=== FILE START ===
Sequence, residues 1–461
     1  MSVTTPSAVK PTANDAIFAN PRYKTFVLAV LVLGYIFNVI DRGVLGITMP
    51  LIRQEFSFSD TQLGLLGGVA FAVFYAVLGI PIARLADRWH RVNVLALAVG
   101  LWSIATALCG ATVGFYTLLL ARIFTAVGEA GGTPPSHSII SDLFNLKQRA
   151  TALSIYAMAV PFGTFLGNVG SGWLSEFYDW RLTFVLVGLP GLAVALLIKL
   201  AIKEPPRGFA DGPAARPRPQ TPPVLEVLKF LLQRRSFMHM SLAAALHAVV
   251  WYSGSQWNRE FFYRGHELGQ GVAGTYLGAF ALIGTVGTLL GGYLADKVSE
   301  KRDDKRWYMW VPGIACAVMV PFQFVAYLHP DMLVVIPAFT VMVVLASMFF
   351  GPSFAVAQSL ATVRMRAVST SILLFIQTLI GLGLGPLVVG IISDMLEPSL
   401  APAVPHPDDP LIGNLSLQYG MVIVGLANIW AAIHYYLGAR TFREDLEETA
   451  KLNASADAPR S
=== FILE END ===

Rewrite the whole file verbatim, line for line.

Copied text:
Sequence, residues 1–461
     1  MSVTTPSAVK PTANDAIFAN PRYKTFVLAV LVLGYIFNVI DRGVLGITMP
    51  LIRQEFSFSD TQLGLLGGVA FAVFYAVLGI PIARLADRWH RVNVLALAVG
   101  LWSIATALCG ATVGFYTLLL ARIFTAVGEA GGTPPSHSII SDLFNLKQRA
   151  TALSIYAMAV PFGTFLGNVG SGWLSEFYDW RLTFVLVGLP GLAVALLIKL
   201  AIKEPPRGFA DGPAARPRPQ TPPVLEVLKF LLQRRSFMHM SLAAALHAVV
   251  WYSGSQWNRE FFYRGHELGQ GVAGTYLGAF ALIGTVGTLL GGYLADKVSE
   301  KRDDKRWYMW VPGIACAVMV PFQFVAYLHP DMLVVIPAFT VMVVLASMFF
   351  GPSFAVAQSL ATVRMRAVST SILLFIQTLI GLGLGPLVVG IISDMLEPSL
   401  APAVPHPDDP LIGNLSLQYG MVIVGLANIW AAIHYYLGAR TFREDLEETA
   451  KLNASADAPR S